The ceremony was on Friday, April 13th 2018.
Dutch professor Nico Verdonschot is being recommended for an honorary doctorate at Aalborg University
This year, the Faculty of Engineering and Science is recommending Dutch professor Nico Verdonschot for an honorary doctorate at Aalborg University (AAU). Nico Verdonschot is Professor in Orthopedic Biomechanics at Radboud University Medical Center in the Netherlands. His reputation, however, extends far beyond the Dutch borders, and he is considered one of the most recognized researchers in the world in his field.
Nico Verdonschot takes a cross-disciplinary approach to his research, combining engineering with the medical field and thus achieving original and groundbreaking results. The cross-disciplinary approach to research means that Nico Verdonschot and the AAU Biomechanics group have had many shared interests and have been able to benefit greatly from each other for several years.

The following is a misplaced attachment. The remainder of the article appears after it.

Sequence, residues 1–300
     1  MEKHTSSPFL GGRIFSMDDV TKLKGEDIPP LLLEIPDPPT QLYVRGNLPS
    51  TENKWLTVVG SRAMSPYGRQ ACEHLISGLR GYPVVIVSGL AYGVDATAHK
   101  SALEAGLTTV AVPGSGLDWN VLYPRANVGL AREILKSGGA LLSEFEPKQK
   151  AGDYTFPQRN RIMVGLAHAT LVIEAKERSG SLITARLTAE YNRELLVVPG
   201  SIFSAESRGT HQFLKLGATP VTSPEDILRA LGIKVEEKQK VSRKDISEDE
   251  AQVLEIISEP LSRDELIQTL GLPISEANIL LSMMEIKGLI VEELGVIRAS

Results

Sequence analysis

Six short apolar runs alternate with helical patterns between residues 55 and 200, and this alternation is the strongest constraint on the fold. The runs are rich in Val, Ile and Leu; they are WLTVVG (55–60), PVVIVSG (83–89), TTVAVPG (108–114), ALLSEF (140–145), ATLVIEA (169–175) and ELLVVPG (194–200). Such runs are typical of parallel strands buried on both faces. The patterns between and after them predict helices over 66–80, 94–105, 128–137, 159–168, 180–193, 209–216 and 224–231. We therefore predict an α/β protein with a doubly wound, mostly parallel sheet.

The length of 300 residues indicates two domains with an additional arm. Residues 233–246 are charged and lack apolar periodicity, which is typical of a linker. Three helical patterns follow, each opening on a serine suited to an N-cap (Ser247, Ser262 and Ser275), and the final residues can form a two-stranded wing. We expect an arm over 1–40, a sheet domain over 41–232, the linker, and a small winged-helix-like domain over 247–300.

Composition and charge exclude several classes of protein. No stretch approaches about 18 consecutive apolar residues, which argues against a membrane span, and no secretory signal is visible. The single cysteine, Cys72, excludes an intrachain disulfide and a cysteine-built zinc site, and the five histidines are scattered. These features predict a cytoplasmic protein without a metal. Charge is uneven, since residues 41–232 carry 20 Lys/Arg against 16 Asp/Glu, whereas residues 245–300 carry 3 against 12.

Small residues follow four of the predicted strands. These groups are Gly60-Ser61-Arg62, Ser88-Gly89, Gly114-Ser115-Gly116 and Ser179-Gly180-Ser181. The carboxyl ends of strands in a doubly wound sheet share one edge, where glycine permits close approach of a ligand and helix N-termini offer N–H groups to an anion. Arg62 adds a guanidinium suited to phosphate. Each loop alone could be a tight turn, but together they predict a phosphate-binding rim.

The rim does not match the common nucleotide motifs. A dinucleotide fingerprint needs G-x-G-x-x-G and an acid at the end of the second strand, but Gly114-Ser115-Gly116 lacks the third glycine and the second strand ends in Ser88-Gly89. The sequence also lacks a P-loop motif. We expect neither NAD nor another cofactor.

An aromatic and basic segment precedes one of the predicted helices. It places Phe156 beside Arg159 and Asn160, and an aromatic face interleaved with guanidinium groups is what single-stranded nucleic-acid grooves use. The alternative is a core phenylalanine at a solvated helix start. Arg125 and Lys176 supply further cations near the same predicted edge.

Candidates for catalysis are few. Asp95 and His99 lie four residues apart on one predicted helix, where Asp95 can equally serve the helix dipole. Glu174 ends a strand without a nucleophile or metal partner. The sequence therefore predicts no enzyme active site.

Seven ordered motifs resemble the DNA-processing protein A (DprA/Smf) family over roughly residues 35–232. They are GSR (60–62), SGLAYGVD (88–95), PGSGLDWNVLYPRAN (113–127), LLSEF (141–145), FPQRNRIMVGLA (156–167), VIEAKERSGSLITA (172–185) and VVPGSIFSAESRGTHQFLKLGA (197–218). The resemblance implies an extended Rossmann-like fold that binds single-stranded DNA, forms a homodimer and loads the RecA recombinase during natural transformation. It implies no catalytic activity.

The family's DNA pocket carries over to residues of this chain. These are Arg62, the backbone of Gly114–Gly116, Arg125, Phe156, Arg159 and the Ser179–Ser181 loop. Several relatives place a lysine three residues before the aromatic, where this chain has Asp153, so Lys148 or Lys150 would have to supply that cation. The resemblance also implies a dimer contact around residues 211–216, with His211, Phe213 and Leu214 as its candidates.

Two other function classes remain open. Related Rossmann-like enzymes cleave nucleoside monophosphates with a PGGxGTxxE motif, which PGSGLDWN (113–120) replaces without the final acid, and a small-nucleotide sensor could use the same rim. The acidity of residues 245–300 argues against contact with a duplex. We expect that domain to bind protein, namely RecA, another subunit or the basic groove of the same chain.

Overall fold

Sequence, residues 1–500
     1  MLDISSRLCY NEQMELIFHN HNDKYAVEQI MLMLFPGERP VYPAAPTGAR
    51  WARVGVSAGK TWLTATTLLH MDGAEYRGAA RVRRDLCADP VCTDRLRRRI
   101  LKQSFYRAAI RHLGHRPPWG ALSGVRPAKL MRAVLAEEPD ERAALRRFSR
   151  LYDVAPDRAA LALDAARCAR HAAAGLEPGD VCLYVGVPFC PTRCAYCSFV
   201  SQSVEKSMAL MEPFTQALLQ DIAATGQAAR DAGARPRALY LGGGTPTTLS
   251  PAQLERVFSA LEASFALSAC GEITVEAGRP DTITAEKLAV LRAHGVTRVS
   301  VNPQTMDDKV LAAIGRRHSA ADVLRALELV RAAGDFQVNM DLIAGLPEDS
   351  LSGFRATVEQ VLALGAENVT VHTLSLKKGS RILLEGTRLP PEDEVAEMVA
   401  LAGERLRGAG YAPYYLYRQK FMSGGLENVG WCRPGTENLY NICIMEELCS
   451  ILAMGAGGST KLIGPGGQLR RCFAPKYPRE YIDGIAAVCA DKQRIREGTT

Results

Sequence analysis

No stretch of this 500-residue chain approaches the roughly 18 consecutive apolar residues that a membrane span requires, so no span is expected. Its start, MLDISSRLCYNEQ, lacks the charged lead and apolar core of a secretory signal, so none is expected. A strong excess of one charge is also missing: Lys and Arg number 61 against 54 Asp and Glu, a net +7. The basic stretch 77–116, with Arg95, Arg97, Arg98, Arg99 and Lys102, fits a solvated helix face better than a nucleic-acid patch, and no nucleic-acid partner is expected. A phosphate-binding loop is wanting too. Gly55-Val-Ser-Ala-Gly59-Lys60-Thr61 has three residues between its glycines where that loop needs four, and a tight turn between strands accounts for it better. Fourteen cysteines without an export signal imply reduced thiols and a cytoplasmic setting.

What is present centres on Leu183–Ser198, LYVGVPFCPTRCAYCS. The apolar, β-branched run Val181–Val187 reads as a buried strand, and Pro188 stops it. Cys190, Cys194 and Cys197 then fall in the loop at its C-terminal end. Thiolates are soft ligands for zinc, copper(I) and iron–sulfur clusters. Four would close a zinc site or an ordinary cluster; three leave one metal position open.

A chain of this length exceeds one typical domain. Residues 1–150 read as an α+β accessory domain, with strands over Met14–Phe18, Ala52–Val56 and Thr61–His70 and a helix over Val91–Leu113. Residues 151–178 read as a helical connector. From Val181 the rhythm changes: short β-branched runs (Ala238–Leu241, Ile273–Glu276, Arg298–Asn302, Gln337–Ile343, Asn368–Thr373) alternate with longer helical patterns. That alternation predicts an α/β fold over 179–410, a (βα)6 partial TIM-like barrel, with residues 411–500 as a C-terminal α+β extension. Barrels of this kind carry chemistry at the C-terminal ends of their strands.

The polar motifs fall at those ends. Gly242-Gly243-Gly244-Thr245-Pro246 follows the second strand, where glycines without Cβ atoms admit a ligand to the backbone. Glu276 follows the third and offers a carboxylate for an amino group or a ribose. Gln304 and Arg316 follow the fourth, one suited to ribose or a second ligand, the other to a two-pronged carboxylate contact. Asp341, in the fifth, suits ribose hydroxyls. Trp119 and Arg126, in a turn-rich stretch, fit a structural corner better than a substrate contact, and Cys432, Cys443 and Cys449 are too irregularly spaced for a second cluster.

In recent years, Nico Verdonschot has established a strong research environment that focuses on computer simulations of implants (hip and knee), prediction of fractures in weakened bones, and musculoskeletal modeling.
A large part of Nico Verdonschots research is based on AnyBody, a software system for musculoskeletal analysis that was originally developed at AAU and that today has resulted in the company AnyBody Technology A/S. Nico Verdonschot has developed an AnyBody model that can predict the results of large-scale operations for bone tumors in the pelvis.
For biomechanics researchers in the Department of Materials and Production, Nico Verdonschot is an important partner. He takes a large share of the credit for the spread of the AnyBody system that today is used across the globe. Also, the partnership with the Dutch professor has resulted in some of the AAU researchers’ most notable publications that have been important for obtaining research funding.
Nico Verdonschot has published close to 300 peer-reviewed scientific articles; he has a Google Scholar h-index of 50; and his publications have been cited more than 8000 times.